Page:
By Thomas Walkom
November 25, 2011
With medicare talks underway again, two pervasive health-care myths need be cleared up and one warning given.
First, medicare isn’t about to be bankrupted by the elderly. That’s a common misconception, spurred by the fact that baby boomers — those born between 1946 and 1964 — are nearing retirement.
In both political and media arenas, this particular myth is treated as unshakeable truth, creating fears that doddering boomers will monopolize virtually all health-care dollars.
But as figures released this month by the Canadian Institute for Health Information (CIHI) demonstrate, such fears are grossly exaggerated.
The government-funded agency calculates that the aging population has only a “modest” effect on medicare spending — in large part because, thanks to social programs like old age security, Canadians over 65 are healthier than they used to be.
Indeed, as with most people, the most expensive medical care in an elderly person’s life usually occurs just before the point of death.
The institute doesn’t dismiss out of hand the role of aging. It just points out that other things — such as wages paid doctors and overall population growth — are far more important in determining health-care costs.
Second, medicare costs in general aren’t spinning out of control.
This is an even more pervasive media myth, spurred on by doomsayers who argue that health-care spending, if unchecked, will soon consume entire provincial budgets.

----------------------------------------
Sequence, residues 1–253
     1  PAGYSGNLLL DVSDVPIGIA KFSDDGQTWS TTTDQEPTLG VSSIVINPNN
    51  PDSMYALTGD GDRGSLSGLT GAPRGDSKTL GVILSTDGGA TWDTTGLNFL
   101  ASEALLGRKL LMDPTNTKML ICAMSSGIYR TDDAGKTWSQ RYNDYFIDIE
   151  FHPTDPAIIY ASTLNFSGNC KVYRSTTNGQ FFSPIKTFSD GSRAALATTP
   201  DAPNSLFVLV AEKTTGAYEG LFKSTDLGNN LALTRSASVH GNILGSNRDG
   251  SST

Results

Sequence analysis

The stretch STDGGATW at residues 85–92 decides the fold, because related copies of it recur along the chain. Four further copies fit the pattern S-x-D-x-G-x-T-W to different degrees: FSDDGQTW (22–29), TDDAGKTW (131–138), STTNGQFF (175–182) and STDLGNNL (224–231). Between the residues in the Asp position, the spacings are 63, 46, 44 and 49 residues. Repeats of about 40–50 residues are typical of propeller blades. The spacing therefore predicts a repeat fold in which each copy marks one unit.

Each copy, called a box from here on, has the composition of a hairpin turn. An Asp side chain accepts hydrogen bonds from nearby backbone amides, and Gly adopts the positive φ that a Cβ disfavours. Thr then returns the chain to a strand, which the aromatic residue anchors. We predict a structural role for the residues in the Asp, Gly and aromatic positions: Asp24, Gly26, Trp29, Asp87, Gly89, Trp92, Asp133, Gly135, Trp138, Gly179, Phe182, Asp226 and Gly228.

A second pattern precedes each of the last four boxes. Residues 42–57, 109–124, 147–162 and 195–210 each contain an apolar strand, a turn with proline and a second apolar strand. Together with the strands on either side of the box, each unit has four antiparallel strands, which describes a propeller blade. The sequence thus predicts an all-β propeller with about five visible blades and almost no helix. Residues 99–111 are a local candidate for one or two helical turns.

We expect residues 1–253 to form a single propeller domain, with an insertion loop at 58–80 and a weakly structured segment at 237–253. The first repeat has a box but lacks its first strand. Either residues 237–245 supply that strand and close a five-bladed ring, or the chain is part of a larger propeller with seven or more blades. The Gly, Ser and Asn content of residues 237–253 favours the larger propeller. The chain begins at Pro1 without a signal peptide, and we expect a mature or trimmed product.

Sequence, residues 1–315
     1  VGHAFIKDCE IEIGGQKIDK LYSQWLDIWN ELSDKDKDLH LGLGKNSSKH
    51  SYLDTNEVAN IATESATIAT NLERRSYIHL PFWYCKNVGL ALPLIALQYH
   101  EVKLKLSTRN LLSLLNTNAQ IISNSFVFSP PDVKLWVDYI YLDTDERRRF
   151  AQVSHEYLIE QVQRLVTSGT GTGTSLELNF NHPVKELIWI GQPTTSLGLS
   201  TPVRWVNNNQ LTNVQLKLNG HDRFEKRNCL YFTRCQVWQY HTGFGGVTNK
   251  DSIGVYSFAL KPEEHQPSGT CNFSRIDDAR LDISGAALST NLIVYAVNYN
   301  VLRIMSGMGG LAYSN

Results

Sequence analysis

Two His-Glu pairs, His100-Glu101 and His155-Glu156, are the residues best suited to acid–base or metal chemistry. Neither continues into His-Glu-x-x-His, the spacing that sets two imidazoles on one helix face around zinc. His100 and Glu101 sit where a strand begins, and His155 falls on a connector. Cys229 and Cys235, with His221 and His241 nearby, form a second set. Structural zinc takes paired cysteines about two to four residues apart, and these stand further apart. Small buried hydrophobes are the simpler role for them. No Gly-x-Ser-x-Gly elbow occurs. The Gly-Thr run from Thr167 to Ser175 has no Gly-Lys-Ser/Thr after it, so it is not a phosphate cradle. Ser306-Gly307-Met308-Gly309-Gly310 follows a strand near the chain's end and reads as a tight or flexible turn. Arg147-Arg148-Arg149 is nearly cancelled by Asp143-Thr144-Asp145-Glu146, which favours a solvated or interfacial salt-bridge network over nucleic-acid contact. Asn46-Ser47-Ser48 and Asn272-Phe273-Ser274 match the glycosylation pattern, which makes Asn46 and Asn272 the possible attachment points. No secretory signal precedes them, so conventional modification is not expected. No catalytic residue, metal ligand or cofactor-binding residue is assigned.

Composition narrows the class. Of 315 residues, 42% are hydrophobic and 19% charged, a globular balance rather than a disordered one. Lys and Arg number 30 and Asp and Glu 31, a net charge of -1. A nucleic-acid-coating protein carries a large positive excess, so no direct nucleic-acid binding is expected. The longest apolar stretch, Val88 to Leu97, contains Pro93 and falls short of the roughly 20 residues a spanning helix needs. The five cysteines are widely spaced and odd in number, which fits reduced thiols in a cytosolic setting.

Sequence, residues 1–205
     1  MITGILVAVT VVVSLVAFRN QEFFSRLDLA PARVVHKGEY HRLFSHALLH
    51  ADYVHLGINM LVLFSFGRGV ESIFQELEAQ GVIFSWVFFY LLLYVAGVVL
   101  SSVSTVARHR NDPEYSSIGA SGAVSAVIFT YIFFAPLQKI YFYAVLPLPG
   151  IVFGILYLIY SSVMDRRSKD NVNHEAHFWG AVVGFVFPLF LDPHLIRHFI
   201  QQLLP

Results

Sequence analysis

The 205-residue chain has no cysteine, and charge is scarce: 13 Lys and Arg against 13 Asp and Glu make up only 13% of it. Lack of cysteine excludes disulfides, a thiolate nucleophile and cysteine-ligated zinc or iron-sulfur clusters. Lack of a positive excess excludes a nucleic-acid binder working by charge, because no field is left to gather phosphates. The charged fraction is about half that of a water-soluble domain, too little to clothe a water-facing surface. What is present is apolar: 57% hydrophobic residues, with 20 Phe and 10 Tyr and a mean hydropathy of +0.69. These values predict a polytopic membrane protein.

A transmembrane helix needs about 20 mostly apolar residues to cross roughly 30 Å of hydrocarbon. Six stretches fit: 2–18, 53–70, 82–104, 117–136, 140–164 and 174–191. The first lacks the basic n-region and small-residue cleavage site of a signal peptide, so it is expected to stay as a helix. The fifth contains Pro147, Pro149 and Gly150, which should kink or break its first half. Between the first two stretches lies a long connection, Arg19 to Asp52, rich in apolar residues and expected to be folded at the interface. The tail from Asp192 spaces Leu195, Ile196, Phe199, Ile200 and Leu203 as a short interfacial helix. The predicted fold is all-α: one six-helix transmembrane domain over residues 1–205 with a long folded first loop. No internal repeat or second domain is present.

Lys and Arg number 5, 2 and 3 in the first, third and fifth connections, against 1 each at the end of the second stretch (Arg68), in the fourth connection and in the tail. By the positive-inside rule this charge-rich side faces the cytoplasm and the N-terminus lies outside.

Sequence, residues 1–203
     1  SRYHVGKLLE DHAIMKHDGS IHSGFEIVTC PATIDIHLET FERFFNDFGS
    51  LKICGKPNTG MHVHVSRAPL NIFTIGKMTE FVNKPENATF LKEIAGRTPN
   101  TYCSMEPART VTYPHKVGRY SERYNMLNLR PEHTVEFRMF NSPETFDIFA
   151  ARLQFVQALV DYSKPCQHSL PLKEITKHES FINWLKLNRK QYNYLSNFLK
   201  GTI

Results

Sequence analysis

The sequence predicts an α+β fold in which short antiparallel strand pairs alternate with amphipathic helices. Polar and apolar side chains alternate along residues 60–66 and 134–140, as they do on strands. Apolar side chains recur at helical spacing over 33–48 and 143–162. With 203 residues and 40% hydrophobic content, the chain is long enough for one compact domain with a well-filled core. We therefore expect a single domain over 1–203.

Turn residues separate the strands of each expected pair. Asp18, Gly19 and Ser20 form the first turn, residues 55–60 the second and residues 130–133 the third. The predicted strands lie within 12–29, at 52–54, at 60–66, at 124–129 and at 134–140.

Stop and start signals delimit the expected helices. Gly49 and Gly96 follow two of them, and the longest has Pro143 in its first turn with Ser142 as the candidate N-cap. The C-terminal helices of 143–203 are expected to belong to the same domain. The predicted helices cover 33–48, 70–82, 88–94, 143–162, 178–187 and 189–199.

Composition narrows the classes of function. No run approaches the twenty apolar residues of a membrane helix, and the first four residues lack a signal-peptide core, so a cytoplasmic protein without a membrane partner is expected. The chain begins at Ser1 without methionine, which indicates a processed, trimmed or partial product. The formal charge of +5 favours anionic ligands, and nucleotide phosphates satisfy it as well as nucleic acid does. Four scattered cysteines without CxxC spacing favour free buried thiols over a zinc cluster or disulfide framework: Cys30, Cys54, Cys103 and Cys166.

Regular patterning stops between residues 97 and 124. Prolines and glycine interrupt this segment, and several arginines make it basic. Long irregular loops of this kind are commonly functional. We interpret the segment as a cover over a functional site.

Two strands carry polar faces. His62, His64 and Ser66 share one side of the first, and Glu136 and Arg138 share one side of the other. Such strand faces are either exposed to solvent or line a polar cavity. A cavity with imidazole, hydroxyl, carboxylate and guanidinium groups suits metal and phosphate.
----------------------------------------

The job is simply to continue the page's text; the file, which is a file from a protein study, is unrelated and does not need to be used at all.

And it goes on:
In part, this misconception results from the fallacy of extrapolation — the assumption that past trends must inevitably continue.
It reminds me of a prediction, made before the invention of the rotary dial phone, that by 1960 all North American women would be working as switchboard operators.
That turned out to be false. As physician and consultant Michael Rachlis pointed out in this newspaper, so has the myth of the voracious health budget.
The CIHI report explains why. It notes that governments cut back health-care spending growth severely during the recession of the early 1990s, then — because of public pressure — reversed themselves later on.
As a result, provincial government health spending did accelerate. But by 2003 the growth rate had levelled off. In the last two years, it has slightly declined.
All of this is important because governments now are starting to debate — again — what to do with medicare.
The current federal-provincial deal on cost-sharing expires in 2014. A meeting of health ministers in Halifax on Friday officially marked the beginning of the next round of negotiations.
Last time, the focus was on reducing wait times and restoring services that deficit-burdened governments had slashed during the ‘90s. This time, if the Ontario is any indication, governments are likely to focus on systemic reforms that allow them to save money.
So here’s the warning. No government is likely to attack medicare head on. They’ve learned that this is political suicide.
But as Don Drummond, an influential economist charged with recommending ways for Ontario to save health dollars, noted in a recent report for the Conference Board, the laws regulating medicare are remarkably flexible.
They do permit, for instance, the private delivery of publicly funded health services. Most physicians are already private entrepreneurs. My guess is that governments will be looking at ways to privatize even more — from hospitals to specialty clinics — all within the medicare umbrella.
In theory, this could work out. Or, as in Britain today, it could undermine the very nature of the public health-care system. The devil will be in the details. If you care about medicare, this is a good time to start paying attention.